I also heard that recently released prisoners ended up at OA as like moths to the flame, they felt that they could be cared for more than anywhere else, also OA was taking on the 'system' and it was a natural thing to have an alliance with those who have a grievance against the 1% who control the worlds economic system. It has been suggested that 'the authorities' were either intentionally or unintentionally sanctioning the 'sending' and by doing so put even more pressure on the occupiers and breaking up what cohesiveness that they had there. Recently released prisoners carried varying levels of trauma, anger and sorrow and needed counselling and aroha. AO was most definitely not the place to have broken down/recovering beings residing there, they needed to be with their whanau/families and kin far away from the city and what it represents - a pakeha/white/Western mans problem.
The same happened for the homeless. They found both food and shelter at OA, however again being dissempowered they increased the pressure on a movement that was working as diligently as it could as a self organizing entity that was doing its best to give everyone a say and work to the best level of consensus and agreement.
Now on the evening of the 14th of October the day of the global mobilization, TV in NZ on the main news, showed a news clip of a young something stating to the interviewer that Occupying and staying at the camp site was going to be FREE!, free accommodation and free food. They were elated. However, what it conveyed to Joe Six Pack and Carolyne Cardigan, sitting comfortably at home, was that the Occupy movement was littered with bludgers and takers. This TV news clip was a PR disaster for the Occupy Movement.
So from day one, with the assistance of compliant corporate media, the 1% had seeded the idea to doubt the Occupy Movement.
However, what came out of these two situations, was that both the released prisoners and homeless people found a duty of care and rehabilitation with the Occupiers by staying and working as best they could at the OA base. Stories emerged of how many very challenged individuals changed for the better by being empowered and validated as they grew as human beings and by being included as part of a local community.
So what the Governmental authorities did not accomplish, Occupy Auckland achieved.
It was imperative that conflict resolution be taught at OA and
reconciliation of opposing points of view be learned ASAP. The Peace Foundation in Auckland had those skills, however I am not aware that these were incorporated in at this time. So much to do and so little time and with few resources.
The kitchen people were noted for their capacity to produce as healthy food as possible and they did it admirably with a friendly smile and dedication that embodied the best of team spirit.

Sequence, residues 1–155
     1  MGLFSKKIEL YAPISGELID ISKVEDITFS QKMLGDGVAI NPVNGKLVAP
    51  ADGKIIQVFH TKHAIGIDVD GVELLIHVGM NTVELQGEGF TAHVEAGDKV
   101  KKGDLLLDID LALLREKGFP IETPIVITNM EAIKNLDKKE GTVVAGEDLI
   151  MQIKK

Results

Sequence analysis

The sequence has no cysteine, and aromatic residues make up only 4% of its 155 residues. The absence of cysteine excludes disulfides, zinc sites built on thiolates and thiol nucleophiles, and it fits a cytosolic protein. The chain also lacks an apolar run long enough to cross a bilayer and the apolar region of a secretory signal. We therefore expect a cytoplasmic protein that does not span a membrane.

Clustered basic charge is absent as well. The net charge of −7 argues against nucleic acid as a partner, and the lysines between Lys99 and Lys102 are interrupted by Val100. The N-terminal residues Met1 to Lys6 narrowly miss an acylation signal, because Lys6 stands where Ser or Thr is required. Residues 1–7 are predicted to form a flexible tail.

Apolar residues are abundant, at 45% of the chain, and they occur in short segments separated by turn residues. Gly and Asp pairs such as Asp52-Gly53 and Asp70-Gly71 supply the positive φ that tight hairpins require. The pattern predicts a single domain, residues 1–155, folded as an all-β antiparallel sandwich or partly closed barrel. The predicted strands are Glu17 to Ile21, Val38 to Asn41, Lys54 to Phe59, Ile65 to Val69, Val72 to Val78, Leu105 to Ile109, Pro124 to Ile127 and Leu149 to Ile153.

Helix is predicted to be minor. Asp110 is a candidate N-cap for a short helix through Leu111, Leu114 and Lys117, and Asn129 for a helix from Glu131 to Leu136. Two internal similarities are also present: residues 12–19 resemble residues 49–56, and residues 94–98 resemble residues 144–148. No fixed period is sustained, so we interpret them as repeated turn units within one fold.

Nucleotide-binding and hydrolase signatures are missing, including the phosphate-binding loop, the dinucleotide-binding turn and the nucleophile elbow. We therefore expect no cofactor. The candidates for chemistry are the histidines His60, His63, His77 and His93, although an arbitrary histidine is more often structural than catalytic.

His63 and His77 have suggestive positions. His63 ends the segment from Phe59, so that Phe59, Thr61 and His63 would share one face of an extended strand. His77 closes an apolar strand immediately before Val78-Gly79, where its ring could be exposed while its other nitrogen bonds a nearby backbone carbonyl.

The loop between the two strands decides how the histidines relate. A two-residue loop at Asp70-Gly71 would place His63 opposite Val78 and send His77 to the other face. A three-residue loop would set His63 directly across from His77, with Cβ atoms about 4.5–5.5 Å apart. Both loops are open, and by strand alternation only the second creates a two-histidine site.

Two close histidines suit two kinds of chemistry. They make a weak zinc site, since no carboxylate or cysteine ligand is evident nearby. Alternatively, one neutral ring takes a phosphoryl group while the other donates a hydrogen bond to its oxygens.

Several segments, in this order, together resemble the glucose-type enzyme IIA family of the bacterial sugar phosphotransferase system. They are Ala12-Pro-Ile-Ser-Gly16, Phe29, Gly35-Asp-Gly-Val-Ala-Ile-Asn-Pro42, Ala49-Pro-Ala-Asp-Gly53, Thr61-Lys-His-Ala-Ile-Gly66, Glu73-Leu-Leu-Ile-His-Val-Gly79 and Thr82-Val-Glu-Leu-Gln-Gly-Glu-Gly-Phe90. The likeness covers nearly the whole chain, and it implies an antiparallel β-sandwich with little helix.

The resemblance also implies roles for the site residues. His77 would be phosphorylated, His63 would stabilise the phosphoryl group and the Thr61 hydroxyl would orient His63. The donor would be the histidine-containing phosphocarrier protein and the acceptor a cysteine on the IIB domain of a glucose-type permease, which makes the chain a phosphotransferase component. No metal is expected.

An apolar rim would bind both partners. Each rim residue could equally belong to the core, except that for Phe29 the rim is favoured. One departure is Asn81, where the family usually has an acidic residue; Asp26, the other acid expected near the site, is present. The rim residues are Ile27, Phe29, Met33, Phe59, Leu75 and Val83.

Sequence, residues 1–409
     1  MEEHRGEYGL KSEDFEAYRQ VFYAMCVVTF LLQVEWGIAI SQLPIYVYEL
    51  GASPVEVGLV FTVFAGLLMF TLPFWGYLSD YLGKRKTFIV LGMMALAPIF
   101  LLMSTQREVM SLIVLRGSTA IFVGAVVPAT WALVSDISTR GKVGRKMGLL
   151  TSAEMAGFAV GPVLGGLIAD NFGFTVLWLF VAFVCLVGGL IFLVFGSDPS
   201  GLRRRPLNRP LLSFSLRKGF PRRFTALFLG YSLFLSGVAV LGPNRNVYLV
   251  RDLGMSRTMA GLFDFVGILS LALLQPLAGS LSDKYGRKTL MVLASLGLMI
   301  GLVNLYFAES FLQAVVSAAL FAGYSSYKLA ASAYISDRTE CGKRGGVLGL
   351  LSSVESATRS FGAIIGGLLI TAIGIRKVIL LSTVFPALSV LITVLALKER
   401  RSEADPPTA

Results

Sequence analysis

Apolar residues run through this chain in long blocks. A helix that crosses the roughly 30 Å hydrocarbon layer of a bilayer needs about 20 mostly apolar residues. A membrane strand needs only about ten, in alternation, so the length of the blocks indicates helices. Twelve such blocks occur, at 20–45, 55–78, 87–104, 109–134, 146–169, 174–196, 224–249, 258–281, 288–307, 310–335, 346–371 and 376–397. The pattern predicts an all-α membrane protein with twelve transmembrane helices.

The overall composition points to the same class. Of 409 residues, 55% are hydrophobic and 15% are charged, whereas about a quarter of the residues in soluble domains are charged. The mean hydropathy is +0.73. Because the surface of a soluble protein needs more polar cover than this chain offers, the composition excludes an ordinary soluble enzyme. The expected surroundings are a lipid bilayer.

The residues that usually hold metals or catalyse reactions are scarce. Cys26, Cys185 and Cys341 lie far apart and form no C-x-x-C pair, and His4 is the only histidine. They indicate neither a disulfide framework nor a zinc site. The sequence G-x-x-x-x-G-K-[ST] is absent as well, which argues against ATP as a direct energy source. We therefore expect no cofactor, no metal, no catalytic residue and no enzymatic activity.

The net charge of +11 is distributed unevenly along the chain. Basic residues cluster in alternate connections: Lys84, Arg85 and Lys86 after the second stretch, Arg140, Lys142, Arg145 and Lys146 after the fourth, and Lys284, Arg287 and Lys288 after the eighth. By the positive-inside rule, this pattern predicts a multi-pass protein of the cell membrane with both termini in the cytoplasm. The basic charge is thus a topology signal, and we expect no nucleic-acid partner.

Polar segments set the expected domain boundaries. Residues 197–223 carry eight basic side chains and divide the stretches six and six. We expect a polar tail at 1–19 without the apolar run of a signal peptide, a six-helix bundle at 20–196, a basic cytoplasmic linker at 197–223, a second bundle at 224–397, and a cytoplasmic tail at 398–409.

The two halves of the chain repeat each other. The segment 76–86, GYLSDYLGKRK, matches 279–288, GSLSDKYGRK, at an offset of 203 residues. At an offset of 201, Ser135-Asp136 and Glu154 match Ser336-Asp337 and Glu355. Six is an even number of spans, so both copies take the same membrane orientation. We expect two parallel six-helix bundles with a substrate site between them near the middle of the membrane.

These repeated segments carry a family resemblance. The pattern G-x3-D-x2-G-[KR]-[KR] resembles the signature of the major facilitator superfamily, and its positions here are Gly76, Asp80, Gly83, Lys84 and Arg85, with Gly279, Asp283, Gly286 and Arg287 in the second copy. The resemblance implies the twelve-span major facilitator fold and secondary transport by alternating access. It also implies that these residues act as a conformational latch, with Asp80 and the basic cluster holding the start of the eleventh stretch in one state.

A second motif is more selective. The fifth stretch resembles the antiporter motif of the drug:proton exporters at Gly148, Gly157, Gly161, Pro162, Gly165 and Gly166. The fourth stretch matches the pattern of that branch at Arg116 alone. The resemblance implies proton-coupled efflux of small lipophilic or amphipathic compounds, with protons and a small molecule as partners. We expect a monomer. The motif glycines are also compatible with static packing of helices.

New Zealand is unique as we have a Maori terminology namely Aroha. Love, what is yours is mine and what is mine is yours. A very high ideal When we omit to embody this universal virtue, then the whole exercise will fall, not due to unknowingness, but of ignorance and lack of inner knowing to change things if they are not working. Aroha brings fulfillment, joy and goodwill. It is the greatest gift that we can emanate. It is the glue that will hold a family, group, organization, community and country together.
There were also concerns around security and safety. I heard first hand experiences from different women that they felt either uneasy or in differing ways threatened by male behavior that was accentuated by alcohol and drugs. Zero tolerance was asked for, but people were indulging off site and coming back drunk or out of it. This was a greater problem further South of Auckland.
Another big ask was the need for the well off and educated to support OA and dare I say it? The middle class! Yes! A word that became taboo in the NZ Occupy movement. They are the key to any change within a country. When you have an educated passionate and principled middle class with you,(wishful thinking?) Change must happen. But … where were they, how many showed up? So, why was there not greater support for the Occupiers? Were they burnt off, why did they increasingly fall away as the days, weeks and months passed for the Occupy Movement and this was not only in Auckland.
It could have been influenced by first impressions!
The problem of public acceptance was glaringly obvious. What I continually hear from well off NZers is that the occupiers looked like squatters or refugees. Yes, cleanliness and how we present ourselves is the elephant in the bathroom here. Nature is exquisite … Mother Earth, Gaia, Papatuanku embeds and embraces profound beauty and magnificence. Watch the marvel of a flower unfold, the exquisiteness, colour, geometry, fragrance and manifestation. Note a bee preens itself, same for all birds ... you never see a dirty seagull, cats preen themselves as well, so if the nature kingdom makes every effort to present itself in its best light, why do so many humans show up looking and smelling like a downward dogs breakfast!
This is what we have to overcome by presenting ourselves in our best way possible to the world at large.
From what I gather there are only two basic challenges, one is behavior and the other is cleanliness.
In many subtle ways our society policies itself, and having just visited another Occupy site here in NZ, there was nothing that drew me to it. It looked and felt like a refugee site, and in many ways it was because the inhabitants were actually homeless persons, too psychologically disturbed to be able to pull themselves up by their own bootstraps, and thus instead of being a self organizing, dynamic synergistic system, they were fragmented, dysfunctional and unable to achieve this level of coherency.
This is our collective challenge, to be able to inspire and enable 'we the people' the 99% to get up and running efficiently, cooperatively and effectively.
Trusting that this little piece of info assists us all in the future as:
We need to be adept at obtaining our own news and thinking strategically.
We need to have organizing skills. Know how to negotiate and willing to give and take.
That we are team players, being disciplined, responsible and on message.
It is a huge task when you are under resourced with lack of money, time, and equipment and able volunteers.
Putting your everything on the line was a huge sacrifice for those involved. However, as the 1% ramp up more control issues, we as the 99% have a a long and gnarly road ahead.
To be a conscious human, aligned with our spirit is our continuing journey. Much to do.